Eighty percent increase in fluency

Nature of Stuttering



Disfluency: An interruption of speech- such as a repetition, hesitancy, or prolongation of sound- that may occur in both typically develop ing individuals and those who stutter

Normal disfluency: An interrupt io n of speech in a typically developing individual

Fluency: The effortless flow of speech

Repetition: A sound, syllable, or single-syllableword that is repeated several times. The speaker is apparently “stuck”

on that sound and continues repeating it until the following sound can be produced

Prolongation: A stutter in which sound or air flow

continues but movement of the articulators isstopped

Block: A stutter that isan inappropriatestoppage of the flow of air or voice and often the movement of articulators as well

Core behavior: The basic speech behavior of stuttering­ repetition, prolongation, and block

Secondary behavior: A speaker’s reactions to hisor her repetitions, prolongations,and blocks in an attempt to end them quickly or avoid them altogether. Such reactions may begin as random struggle but soon turn into well-learned patterns. Secondary behaviors can bedivided into two broad classes: escape a11d avoidance behaviors

Escape behavior: A speaker’s attempts to terminate a stutter and finish the word. This occurs when the speaker is already in a moment of stuttering

Avoidance behavior: A speaker ‘s attempt to prevent stuttering when he or she anticipates stuttering on a word or in a situation. Word-basedavoidances are commonly interjections of extra sounds, like “uh;’said before the word on which stuttering ise>..-pected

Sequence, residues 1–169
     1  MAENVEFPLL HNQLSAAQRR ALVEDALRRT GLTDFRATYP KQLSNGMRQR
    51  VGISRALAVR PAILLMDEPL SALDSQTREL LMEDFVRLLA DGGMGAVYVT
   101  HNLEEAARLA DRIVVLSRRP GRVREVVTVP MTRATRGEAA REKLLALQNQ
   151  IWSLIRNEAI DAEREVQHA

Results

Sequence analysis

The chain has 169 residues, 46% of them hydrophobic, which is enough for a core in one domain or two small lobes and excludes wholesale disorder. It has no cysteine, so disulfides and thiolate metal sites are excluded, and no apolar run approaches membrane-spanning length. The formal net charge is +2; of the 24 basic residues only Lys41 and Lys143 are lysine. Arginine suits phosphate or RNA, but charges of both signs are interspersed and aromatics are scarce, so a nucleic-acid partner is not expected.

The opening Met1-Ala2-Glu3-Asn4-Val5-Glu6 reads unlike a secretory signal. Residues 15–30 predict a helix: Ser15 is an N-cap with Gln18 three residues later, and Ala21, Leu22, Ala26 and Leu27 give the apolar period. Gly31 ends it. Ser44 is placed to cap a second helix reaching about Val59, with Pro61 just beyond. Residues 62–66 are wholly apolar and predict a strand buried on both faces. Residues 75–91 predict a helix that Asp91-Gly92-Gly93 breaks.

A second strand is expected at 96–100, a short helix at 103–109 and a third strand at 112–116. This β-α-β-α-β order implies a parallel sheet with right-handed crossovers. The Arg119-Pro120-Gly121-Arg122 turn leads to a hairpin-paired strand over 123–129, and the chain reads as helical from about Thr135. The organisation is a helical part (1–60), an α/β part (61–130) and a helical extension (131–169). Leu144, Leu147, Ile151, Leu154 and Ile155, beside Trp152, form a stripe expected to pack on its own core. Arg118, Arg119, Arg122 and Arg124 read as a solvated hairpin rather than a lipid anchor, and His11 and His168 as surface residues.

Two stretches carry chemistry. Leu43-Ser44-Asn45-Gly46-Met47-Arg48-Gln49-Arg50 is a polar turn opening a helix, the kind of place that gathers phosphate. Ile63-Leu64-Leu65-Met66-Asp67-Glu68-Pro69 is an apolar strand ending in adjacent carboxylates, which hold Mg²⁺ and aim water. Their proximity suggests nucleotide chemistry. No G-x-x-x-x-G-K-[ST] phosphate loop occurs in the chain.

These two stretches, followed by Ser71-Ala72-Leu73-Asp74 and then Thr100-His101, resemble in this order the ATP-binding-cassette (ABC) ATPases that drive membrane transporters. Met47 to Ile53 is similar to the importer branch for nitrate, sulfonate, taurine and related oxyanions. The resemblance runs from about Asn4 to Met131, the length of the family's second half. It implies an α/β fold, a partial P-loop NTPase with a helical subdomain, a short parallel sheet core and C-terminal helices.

Attitude: A feeling that has become a pervasive part of a person’s beliefs

Heterogeneity : Differences among various types of a disorder Developmental stuttering: A term used to denote the most common form of stuttering that develops during childhood

(in contrast to stuttering tbat develops in response to a neurological eventor trauma or emotional stress)

Prevalence: A term used to indicate how widespread a disorder is

Incidence: An index of how many people have stuttered at

some time in their lives

Anticipation: An individual’s ability to predict on which words or sounds he or she will stutter

Consistency: The tendency for speakers to stutter on the same words when reading a passage several times

Adaptation: The tendency for speakers to stutter less and less (up to a point) when repeatedly reading a passage

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